KDM not starting after upgrade

Duncan 1i5t5.duncan at cox.net
Sat May 21 14:14:39 BST 2011

Bogus Zaba posted on Sat, 21 May 2011 10:25:35 +0100 as excerpted:

> On 05/20/2011 09:17 AM, Duncan wrote:

>> I was waiting for someone who hopefully had a clue about slackware to
>> respond, as I don't, /and/ I have little idea what's wrong with kde
>> either.  However, as nobody else is taking a shot, I guess I'll post
>> what vaguely possibly helpful ideas I have that might help...

> You were right in thinking that the answer might lie with some Slackware
> expertise - I asked / searched on Slackware forums as well and was
> pointed in the direction of the version 13.37 release notes where it
> says : "If KDE crashes on startup, try disabling the Composite
> extension". It then tell you how to do this in the X11 configuration".
> Did that and it solved the immediate problem. KDE does now start up OK
> and I have opted for re-configuring it rather than putting ~/.kde back
> (either all at once or selectively) since there appear to have been some
> changes to KDE which make my previous config not fully compatible.

I'm a serious customizer, to the point that starting from scratch isn't 
really viable.  But fortunately I'm also reasonably technically inclined, 
and as a result of the combination, I've gotten quite efficient at 
bisecting issues down to individual files and even, generally, lines 
withing files.

As you seem familiar enough with my replies to note customary rants, I'm 
surprised you didn't note something about the bisect method I've described 
a number of times. =:^)

OTOH, I fully understand that many don't customize to the extent I do, and 
that for them simply dumping the limited customizations they have is often 
the most efficient route around an issue, even if just the thought of 
having to do that /here/ makes me shudder, due to what would very likely 
be days of work (originally weeks, but redoing it would be faster), 

> What I don't quite understand is why compositing is a problem now when
> it was not previously under KDE 4.4.3 with the same video card and an
> updated latest nvidia (binary) driver. [I guess I should pause here
> while you provide your brief customary "servantware" lecture (: ].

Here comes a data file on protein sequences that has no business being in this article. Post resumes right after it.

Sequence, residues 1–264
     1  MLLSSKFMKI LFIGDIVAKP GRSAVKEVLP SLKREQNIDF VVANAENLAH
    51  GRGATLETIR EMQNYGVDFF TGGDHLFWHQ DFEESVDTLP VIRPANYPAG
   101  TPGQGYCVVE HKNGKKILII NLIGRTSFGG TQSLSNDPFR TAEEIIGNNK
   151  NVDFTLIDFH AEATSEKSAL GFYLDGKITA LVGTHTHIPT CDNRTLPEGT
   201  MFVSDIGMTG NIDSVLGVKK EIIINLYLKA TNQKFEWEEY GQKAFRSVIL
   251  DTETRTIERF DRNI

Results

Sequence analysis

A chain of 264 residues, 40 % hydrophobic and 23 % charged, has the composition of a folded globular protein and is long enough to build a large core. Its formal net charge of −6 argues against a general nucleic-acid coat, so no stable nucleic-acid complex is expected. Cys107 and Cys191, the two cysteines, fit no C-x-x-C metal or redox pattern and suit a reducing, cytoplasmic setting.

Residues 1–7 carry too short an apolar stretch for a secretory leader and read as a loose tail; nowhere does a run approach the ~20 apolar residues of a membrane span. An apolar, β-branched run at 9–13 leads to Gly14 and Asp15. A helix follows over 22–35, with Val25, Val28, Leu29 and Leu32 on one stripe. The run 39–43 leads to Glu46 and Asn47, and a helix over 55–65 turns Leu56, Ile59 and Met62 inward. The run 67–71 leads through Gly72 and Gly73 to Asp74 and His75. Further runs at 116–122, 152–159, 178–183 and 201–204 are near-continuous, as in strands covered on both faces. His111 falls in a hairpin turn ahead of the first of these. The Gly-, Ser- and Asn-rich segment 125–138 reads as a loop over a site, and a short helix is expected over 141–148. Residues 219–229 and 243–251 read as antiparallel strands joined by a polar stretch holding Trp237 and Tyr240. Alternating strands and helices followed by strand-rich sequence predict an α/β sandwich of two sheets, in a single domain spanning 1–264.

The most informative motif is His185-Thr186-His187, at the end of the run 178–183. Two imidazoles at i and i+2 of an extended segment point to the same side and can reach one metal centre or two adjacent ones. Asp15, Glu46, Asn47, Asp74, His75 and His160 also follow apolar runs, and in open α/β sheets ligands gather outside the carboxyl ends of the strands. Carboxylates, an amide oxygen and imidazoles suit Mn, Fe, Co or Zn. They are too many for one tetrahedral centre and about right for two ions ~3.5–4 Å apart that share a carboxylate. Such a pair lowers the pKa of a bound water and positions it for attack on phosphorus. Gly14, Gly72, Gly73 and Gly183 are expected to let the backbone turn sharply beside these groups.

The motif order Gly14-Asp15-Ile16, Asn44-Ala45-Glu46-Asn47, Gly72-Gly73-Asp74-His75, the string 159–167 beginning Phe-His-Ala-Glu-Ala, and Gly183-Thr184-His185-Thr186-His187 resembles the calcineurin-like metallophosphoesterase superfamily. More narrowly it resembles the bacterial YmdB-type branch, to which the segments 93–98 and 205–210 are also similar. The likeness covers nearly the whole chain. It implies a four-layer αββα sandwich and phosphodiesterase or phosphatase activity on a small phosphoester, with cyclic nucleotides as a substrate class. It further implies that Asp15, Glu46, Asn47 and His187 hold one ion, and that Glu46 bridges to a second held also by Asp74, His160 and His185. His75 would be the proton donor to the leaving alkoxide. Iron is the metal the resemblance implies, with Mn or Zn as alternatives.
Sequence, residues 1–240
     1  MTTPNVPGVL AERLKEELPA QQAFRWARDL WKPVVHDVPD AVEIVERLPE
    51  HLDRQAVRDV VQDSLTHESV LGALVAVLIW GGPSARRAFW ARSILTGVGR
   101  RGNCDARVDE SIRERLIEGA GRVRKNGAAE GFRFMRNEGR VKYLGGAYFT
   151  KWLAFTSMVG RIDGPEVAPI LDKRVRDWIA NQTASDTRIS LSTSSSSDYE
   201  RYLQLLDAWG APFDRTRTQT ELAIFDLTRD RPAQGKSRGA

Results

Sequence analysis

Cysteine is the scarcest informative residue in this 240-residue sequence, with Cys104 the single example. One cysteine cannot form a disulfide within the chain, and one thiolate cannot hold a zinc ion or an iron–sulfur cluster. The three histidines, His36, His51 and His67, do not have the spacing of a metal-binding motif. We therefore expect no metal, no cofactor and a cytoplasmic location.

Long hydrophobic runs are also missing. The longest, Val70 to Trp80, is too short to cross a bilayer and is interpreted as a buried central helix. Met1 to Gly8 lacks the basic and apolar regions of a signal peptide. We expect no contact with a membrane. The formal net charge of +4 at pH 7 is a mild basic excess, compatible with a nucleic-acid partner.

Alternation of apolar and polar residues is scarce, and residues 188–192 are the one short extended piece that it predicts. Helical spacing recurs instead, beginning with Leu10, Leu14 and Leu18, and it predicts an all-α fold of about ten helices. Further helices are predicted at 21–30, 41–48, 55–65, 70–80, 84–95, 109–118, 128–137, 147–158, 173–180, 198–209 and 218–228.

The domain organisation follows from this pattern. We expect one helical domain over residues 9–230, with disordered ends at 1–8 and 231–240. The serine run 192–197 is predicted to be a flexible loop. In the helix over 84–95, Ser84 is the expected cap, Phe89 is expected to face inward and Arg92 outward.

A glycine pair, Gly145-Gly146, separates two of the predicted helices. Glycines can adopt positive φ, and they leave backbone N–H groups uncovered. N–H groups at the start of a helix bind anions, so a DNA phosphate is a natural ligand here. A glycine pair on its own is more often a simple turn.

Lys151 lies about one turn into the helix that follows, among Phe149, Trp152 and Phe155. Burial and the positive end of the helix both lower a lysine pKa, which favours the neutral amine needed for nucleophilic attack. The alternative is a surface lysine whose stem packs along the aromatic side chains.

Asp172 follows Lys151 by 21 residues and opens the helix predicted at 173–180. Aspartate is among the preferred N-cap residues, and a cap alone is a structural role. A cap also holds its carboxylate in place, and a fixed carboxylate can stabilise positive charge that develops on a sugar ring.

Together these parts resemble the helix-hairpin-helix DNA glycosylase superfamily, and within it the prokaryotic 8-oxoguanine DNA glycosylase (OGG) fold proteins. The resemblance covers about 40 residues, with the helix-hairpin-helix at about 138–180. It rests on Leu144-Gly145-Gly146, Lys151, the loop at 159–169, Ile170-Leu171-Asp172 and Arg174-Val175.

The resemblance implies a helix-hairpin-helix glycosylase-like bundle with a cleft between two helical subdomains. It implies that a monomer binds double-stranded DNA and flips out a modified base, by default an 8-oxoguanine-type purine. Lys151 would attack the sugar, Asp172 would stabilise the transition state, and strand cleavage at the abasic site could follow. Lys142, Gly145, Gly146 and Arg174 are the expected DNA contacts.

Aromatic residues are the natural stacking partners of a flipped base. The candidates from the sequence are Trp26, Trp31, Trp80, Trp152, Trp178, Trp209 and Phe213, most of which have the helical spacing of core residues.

Um... I guess you've demonstrated sufficient awareness thereof. =:^\

Addressing the "don't quite understand" bit, however, there's two possible 
aspects to consider.

First and most directly, what I suspected might be the problem is/was bad 
drm device permissions.  A 'Section "DRI"' setting mode 666 permissions 
for this, in your xorg.conf(.d) often helps here, but explaining how that 
works when many people don't even have or otherwise need an xorg.conf(.d) 
these days, is a lot of work.  And explaining the other side of things, 
how those permissions come to be wrong in the first place, is about a 400 
line post of its own, especially if one isn't familiar with the specifics 
of the distribution in question, because of the number of different 
intersecting subsystems (static dev, udev, pam console, consolekit, hal, 
xorg, distro group policy...) that can play a role, a bug or 
misconfiguration in any one of which can trigger the device permissions 
issues I was suspecting.

It was thus easier to get more information about the problem first.  Thus, 
all the questions about whether X could run apart from kde, glxinfo, 
whether kde and qt apps would run, etc.  As I said, the results from that 
would narrow down the search space significantly, and I could possibly 
avoid a 400 line post or two.

Second and more background info, both the plasma and the kwin folks tend 
to be doing leading edge (at least for Linux desktops) development here -- 
they're actively updating the code they use, for new effects and/or more 
efficient use of hardware acceleration for current effects, using 
functionality that hasn't been widely used in Linux before.

As it happens, you missed the big hubbub in early kde 4.5 over this, but 
it was a big thing at the time because a lot of systems broke that had 
worked fine with 4.4.